Colebrook Infant Academy are delivering the computing curriculum through DB Primary

5 Minutes Read


Prior to the launch of Curriculum 2014 many schools faced the challenge of implementing the new Computing Curriculum. At Colebrook Infant Academy they faced the challenge head on and selected DB Primary as a key resource to help them do so.

The new curriculum was the catalyst for Colebrook Infant Academy

The computing curriculum made headlines prior to its launch in 2014 as a new focus on computing science or coding was set to challenge schools when Computing replaced IT as a subject in the national curriculum. This was an area in which many schools lacked confidence despite a wide range of software having been used in the primary phase for many years. The new curriculum placed an emphasis on coding skills as well as the more traditionally taught areas of e-safety, communication and collaboration. At Colebrook Infant Academy this provided the impetus to review their existing curriculum and to consider new provision of software.


Why Colebrook Infant selected DB Primary to help deliver the new curriculum

The school were keen to embrace the new aspects of the curriculum but were also keen to ensure the curriculum was balanced and met the needs of their children aged 5-7 years old. They viewed a number of products, including some free software before finally deciding that DB Primary with its tools, rich content and safety features best met their needs.


Teaching pupils’ key online safety skills from the start

DB Primary is based on each individual pupil having their own unique login and dashboard. They have a set of web-based tools including forum and blogs that they can easily manage through a simple editor that allows them not only to enter text, but also to draw their own pictures, add sound clips, images and video. The children can participate in communication and collaborative activities set by their teachers, protected by a filtering and monitoring system that shows exactly what the children have been doing, when they’ve accessed the site and for how long they were on it. All these features are backed up by a unique whistle system that allows children to immediately alert staff if they come across anything that concerns or upsets them.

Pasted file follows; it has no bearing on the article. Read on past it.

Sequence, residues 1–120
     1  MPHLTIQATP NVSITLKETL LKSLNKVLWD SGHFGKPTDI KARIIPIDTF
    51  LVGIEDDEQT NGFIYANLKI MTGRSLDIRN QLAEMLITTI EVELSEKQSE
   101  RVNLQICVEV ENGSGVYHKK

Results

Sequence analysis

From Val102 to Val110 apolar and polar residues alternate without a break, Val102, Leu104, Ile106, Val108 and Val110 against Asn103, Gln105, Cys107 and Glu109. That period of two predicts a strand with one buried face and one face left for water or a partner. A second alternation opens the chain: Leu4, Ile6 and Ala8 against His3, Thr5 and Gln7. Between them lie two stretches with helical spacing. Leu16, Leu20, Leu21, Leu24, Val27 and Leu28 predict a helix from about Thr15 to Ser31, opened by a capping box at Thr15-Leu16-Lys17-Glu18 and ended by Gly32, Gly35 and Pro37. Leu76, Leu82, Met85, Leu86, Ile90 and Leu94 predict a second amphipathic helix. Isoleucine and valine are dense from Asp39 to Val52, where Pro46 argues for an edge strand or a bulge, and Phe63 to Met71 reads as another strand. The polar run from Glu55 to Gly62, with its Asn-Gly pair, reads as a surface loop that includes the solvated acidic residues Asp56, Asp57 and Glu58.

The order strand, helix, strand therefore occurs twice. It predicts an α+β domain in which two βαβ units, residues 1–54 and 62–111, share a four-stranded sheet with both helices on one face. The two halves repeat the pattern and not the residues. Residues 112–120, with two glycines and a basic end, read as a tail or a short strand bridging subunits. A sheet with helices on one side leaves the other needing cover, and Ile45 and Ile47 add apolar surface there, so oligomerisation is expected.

Computing content to support ‘learning by doing’

Subscribing to the Learning Library also gives the school access to rich, quality online content and activities. The coding activities in particular were a key aspect the school were keen to access. This allows for children to participate in progressive activities that allow them to build their knowledge of algorithms. Simple age-appropriate activities that allow for the input and editing of commands really enable the children to practice and grasp the concepts. The fact that the teacher can assign the activities to a class or group for access at home or in school is another bonus. The system allows for the teacher to determine whether the children can try each activity once or multiple times and the fact that they are self-marking really reduces teacher workloads. Each activity is set at three different entry-levels and so differentiation and/or consolidation is really easy to achieve.


So… what have the results been?

DB Primary is used throughout the school from EYFS through to Year 2 with the older children using it in more depth and with greater regularity. The children are keen and many independently access their own blogs, forum and email (internal only) as well as visiting the Learning Library to try out games and activities for themselves at home. Their knowledge and understanding of the system is very good with teaching not only reinforced in lessons but also through regular e-safety assemblies and events. School Council are very knowledgeable and share their understanding of the whistle for e-safety well. Teachers are confident in the use of the platform, but there is occasionally specialist teaching when parallel classes work together and teachers swap groups rather than subjects. Regular staff training takes place, but this is generally approached by undertaking smaller/shorter inputs and is focused on learning outcomes rather than how to do it as the system is simple to use.

Recently the school has reviewed its practice and intend to make further improvements having trialled New Era’s Digital Citizenship Scheme of Work (which combines use of the Learning Library activities with online activities in the children’s spaces and online communities (classes). From September 2018 they will using be the community blog and forum as starting point for whole class teaching of some of the core skills and knowledge. This is anticipated to further improve the children’s skills and knowledge and improve teaching and learning outcomes.

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